After him. the Powers That Be refused to entertain new ideas. Then martin Luther no only sparked the Reformation, but survived. There has not been a significant renewal since. The Protestant emphasis upon being cognitively aware, the RCC hunkering down into dogma, the EO ignoring everyone not EO, I think these things have prevented a significant renewal.

    But I really think we can see evidence of renewal. Eastern Orthodox and the Archbishop of Canterbury and the Archbishop of York have agreed that filioque clause can be dropped from the Nicene Creed. The ABC and Francis 1 have met and actually discussed the possibility of reunification. Pope and Patriarch have met together. Both the present Pople and the ABC have said there must be a greater pastoral concern for LGBTQ people. Personally, I see that as a baby step in the right direction. Francis is entertaining the idea of ordaining women as deacons, another baby step in the right direction.

    So I am hoping these are all signs of renewal.

  2. Must you always wax so melodramatically in your click bait? And furthermore, your comments section could use significant moderation (and blocking of certain users). I even wonder sometimes why you’re still in the ministry if you hate it so much. Just pack it up. If the “American Church” is a lost cause, dead and in the water, then close the doors of your church, walk away from the ministry and become an agnostic or atheist. It seems like that’s what you want to do anyway.

    • He doesn’t hate his ministry. He dislikes all the evil that exists within so many American churches—specifically the Christian fundamentalist and conservative evangelical kind. You know. The one happily supported by the disciples of Trump.

      • And, while I don’t associate with that lot anymore, Jesus did die for them too. Where’s the guy that wrote “Evangelicals and Progressives” are people too? The guy who wanted an open table, he seems to have been replaced by someone who just bashes the religious right (who do need a check in their empathy and compassion for sure) and clearly it’s from a place of personal damage I’m sure (probably having his own denomination kick him out) but I could never attend his church, he always sounds hopeless, full of despair. Maybe he needs to read the gospels, they’re supposed to be GOOD NEWS.

  3. God has not left the building !!!! He is with us ,holding us ,putting his hand on our shoulders to guide us . People voted in our new President not God ! No matter what our views on the outcome all we are charged to do is love our God and love our neighbor as ourselves. Lets get out there and do just that and show the marginalized they have people on their side .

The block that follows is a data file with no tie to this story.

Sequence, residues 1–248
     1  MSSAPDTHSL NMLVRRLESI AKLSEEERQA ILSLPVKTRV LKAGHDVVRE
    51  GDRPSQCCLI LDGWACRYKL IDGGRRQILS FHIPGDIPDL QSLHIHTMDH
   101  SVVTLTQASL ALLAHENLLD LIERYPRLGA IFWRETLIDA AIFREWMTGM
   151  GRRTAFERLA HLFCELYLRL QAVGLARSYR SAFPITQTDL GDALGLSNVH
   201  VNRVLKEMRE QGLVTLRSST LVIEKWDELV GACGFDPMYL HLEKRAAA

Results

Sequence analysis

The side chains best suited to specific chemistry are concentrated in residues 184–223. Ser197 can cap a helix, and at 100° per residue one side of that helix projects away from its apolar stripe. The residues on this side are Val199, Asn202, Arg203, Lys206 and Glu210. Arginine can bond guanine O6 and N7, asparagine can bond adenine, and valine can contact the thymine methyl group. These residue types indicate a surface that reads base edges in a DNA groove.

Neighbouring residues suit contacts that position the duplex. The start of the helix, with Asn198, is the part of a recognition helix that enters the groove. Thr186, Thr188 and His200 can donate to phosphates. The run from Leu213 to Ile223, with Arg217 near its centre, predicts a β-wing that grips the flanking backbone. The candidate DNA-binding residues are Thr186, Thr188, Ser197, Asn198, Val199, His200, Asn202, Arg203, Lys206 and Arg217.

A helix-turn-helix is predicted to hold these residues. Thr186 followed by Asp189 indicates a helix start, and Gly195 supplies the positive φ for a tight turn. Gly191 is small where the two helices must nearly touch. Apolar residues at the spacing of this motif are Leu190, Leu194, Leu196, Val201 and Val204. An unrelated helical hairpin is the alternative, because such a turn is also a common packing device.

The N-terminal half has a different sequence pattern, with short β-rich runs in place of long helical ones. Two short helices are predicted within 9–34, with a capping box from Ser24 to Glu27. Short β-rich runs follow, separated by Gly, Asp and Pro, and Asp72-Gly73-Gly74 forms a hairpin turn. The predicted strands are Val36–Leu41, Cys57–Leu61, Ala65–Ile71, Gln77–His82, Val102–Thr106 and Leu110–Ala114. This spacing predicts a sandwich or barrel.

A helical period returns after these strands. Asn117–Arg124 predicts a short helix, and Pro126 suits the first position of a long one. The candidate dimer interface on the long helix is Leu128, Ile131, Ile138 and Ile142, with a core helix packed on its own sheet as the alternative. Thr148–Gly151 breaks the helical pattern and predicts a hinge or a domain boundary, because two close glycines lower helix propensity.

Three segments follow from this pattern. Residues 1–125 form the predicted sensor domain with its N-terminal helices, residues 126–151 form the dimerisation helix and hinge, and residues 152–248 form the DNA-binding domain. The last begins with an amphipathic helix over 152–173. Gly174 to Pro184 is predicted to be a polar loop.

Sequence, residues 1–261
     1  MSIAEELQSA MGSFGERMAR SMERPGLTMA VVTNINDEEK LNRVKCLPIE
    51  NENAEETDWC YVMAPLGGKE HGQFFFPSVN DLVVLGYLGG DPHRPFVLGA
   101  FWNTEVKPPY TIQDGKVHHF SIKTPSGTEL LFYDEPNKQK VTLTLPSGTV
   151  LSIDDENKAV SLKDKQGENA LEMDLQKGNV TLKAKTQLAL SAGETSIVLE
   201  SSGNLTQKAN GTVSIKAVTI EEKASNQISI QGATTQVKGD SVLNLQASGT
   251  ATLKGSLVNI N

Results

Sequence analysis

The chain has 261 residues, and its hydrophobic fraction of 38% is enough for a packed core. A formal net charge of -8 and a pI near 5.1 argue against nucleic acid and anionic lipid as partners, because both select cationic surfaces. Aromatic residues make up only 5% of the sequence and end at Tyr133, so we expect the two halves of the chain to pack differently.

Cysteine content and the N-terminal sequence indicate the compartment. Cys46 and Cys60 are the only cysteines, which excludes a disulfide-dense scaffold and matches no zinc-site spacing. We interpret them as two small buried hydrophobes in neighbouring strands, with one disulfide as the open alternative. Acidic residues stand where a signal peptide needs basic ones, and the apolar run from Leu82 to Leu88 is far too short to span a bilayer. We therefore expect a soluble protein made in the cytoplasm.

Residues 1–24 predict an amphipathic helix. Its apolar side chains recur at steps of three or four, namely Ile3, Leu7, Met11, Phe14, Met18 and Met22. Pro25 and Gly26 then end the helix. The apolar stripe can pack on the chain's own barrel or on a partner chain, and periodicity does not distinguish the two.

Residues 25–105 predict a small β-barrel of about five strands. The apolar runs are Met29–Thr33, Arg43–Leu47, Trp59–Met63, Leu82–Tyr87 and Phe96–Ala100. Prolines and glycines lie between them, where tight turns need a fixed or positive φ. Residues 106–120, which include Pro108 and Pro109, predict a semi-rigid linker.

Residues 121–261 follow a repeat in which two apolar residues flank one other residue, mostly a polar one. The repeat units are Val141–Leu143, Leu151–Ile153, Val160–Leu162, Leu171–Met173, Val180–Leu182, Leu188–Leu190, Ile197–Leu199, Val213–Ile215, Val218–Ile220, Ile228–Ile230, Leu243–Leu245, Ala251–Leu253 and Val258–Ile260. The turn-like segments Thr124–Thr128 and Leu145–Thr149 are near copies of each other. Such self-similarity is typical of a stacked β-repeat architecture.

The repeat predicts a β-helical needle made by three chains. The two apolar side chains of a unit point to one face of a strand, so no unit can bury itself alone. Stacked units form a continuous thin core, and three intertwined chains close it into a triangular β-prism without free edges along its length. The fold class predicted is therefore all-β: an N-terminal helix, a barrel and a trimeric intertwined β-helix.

4. Following Jesus is still alive and well, even when Evangelical Christianity (& certainly the religious right) is not. Remember – what died here was the church as a “voting block”, and there will be no tears at the funeral from true believers. All the tears will come from the likes of Roger Ailes and Newt Gingrich and that paragon of virtue, Rudy Giuliani — who lose their power to manipulate and fundraise as the voter block falls apart. ????John Pavlovitz captures something I have been wrestling with for the past several years. Never have I been more committed to following my beautiful Jesus Christ, and less committed to following a political party or the opinions of the religious right. True Christianity calls to us.

    • Along with many individuals who share the spirit and life of Jesus and John the writer of the original blog, I find that many of us hope for a true renewal of the message of Jesus–not by denying or hating anything or anyone, but to re-awaken the diversity in the Gospels (there are FOUR) and the resurrection narratives in their diversity remind us of the different views of the very meaning of the Resurrection–and what a Messiah was in the early church. Constantine did impose a conformity, set Christians against one another, and, pagan that he was–accused almost certainly validly–for murdering his wife and son (and Hillary’s emails are a flaw?–but you and I know it is irrelevant)–pagan that he was, he manipulated the “episcopoi” (of which he considered himself one [though not baptize])) into the political conformity his empire needed. But my point is the need to re-discover the complexity–the gray areas of the Spirit–and reject the worship of Religion (both among Evangelicals and too many Roman Catholics) that has, replaced the worship of God, our Father. I would hope a new moral authority from authentic followers of Jesus would animate the emerging new political parties–NOT religion–but goodness. I am with you, Gloriamarie Amalfitano.

      • Yes, Joris, we who are actual followers of Jesus, who have absorbed Matthew 25, for instance, need to take action now to hold the so-called Christian politicians who have been elected to political office to the social justice issues of the Gospel.

        I expect to be homeless withi9n a year, thanks to the GOP’s desire to end all rental assistance. I am disabled, handicapped, have a chronic illness, but i feel as if they don’t care because all they will see is that I am poor and therefore nothing more than something to be squashed underfoot.

  5. Something died- that’s for sure! Of course- I’m laughing… but let me tell you- it will take more than 3 days before what has passed away will be resurrected. This phoenix ain’t gonna rise again for quite a while!